I asked the nurse practitioner at my doctor’s office about ADHD. He was young, probably about my age, and he told me that it’s pretty hard to diagnose in adults, but was willing to give me a referral. I called the referred office and was told that they were booked for the ensuing nine months. I found another place that does testing for the low price of $875. Which is to say that I still don’t know if I have ADHD, but I’ve been working on myself as if I do. I read some books and followed some Instagram accounts with tips and tricks. I re-did my calendar. I downloaded a Pomodoro timer. I bought a tablet. I tried to “organize my physical space so I can organize my mental space.”
Upon reflection, the whole ADHD question is not really the issue; it’s just the part of the issue I think I can control. I started seeing a counselor on Zoom, a kind, bald man with a Sesame Street smile. He asked, “How can I help you?” I thought he was supposed to tell me. I’m not very good at explaining it. My family situation, for one. I was living with four teenagers and a toddler, all of whom experience Big Feelings and are at varying levels of acknowledging, experiencing, and managing those feelings. I told him about my work as a pastor, and the expectations of spiritual, emotional, and practical counseling. About compassion fatigue. And, I told him about the ADHD question, which I guess was really just an attempt to convey my own personal frustrations rooted in inadequacy. He was kind, like I said, but I think I failed to communicate well, and I only saw him a few sessions.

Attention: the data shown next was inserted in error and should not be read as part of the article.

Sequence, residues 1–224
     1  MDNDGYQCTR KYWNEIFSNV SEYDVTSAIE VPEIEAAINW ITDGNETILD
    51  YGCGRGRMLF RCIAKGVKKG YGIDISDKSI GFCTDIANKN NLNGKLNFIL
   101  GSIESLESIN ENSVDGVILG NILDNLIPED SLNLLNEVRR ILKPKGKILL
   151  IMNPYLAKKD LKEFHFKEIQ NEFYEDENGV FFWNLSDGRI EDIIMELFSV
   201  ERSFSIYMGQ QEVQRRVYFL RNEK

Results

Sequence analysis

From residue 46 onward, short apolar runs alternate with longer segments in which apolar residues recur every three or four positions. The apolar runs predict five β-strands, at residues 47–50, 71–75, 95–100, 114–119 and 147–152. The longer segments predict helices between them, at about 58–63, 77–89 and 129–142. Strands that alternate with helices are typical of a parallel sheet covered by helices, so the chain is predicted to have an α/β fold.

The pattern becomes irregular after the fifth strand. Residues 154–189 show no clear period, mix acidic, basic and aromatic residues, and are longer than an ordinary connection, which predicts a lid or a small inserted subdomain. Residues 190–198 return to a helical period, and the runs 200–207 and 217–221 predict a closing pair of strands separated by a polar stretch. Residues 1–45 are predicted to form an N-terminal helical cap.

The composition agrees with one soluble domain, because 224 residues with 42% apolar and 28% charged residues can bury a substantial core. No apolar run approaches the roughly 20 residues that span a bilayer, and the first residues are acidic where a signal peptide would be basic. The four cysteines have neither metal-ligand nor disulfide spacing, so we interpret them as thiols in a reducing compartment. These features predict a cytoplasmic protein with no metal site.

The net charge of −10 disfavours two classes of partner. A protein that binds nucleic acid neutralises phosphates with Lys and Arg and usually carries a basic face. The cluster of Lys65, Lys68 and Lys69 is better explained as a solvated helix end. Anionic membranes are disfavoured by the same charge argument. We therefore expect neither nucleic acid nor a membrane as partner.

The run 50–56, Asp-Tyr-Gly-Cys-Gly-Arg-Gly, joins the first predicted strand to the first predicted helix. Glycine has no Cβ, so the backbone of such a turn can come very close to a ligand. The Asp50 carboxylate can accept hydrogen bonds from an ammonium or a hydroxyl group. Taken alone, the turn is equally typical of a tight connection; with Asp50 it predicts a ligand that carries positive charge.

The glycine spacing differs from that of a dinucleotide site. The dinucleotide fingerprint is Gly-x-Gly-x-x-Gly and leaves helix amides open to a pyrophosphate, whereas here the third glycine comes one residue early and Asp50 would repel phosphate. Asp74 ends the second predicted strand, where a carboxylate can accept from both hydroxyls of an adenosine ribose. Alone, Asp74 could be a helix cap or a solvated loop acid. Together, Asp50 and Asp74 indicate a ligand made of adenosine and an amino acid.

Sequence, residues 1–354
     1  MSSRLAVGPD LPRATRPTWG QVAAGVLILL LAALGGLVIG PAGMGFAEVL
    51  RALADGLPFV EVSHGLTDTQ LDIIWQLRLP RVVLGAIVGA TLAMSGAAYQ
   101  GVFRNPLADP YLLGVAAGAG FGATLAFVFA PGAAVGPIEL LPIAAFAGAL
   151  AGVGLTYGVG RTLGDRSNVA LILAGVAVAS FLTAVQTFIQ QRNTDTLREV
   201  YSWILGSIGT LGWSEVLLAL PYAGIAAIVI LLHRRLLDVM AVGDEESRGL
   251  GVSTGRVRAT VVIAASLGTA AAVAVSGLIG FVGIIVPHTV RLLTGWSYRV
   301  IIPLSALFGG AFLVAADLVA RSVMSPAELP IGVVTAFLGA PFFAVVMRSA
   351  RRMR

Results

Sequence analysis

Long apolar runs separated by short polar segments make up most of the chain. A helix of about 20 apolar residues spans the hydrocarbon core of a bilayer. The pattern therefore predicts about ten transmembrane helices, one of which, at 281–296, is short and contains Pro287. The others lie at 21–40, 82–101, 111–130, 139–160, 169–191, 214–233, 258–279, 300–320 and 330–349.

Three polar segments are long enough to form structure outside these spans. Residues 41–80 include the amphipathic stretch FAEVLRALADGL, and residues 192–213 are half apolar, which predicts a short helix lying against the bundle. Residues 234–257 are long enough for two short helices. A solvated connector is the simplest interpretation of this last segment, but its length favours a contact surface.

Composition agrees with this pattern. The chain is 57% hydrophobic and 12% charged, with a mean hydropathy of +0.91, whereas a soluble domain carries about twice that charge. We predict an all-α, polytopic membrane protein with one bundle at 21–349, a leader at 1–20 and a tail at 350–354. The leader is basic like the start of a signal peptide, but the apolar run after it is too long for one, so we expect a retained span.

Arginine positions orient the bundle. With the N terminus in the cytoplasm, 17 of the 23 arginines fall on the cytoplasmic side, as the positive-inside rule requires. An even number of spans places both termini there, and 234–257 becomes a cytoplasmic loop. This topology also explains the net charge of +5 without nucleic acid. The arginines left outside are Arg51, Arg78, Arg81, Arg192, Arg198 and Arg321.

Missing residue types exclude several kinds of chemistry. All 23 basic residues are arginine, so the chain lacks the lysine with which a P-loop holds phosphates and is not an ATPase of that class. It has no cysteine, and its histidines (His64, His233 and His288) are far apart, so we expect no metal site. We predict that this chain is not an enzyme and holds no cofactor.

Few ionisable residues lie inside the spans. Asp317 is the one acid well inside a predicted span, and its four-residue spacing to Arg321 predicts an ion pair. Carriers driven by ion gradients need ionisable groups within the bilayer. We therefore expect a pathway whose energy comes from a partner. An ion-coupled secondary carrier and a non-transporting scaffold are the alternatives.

If I could try again, I might say:
My whole life I’ve been told that I’m supposed to be like Jesus, by sacrificing myself, by bearing the cross and other’s burdens. I feel like it’s my job, my responsibility, to handle it, fix it, make it right, no matter what it is. So I walk around with a buzzing ball of anxiety wedged between my stomach and my ribcage and a hot halo of anger resting on my head. Karly always talks to me about the window of tolerance. I feel like all this pressure has compressed my window into a mail slot, and my hard-won long-suffering has shrunk into a candlewick. What if my job, my responsibility is too much for me? What if I can’t carry it all?